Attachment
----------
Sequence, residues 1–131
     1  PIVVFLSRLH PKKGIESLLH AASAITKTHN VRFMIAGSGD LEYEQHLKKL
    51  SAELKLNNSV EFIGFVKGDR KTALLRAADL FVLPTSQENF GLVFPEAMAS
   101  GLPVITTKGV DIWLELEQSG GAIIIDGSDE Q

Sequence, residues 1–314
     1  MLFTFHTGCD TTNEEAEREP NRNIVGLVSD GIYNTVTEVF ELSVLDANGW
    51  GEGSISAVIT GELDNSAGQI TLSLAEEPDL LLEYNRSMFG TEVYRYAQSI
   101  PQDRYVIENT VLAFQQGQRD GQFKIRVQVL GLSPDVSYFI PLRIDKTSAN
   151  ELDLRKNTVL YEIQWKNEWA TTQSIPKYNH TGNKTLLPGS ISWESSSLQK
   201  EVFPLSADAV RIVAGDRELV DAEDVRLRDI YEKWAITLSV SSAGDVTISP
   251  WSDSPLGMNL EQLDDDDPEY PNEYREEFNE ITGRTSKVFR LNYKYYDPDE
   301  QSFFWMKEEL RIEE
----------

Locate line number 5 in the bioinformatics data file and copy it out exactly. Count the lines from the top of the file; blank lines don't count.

Sequence, residues 1–314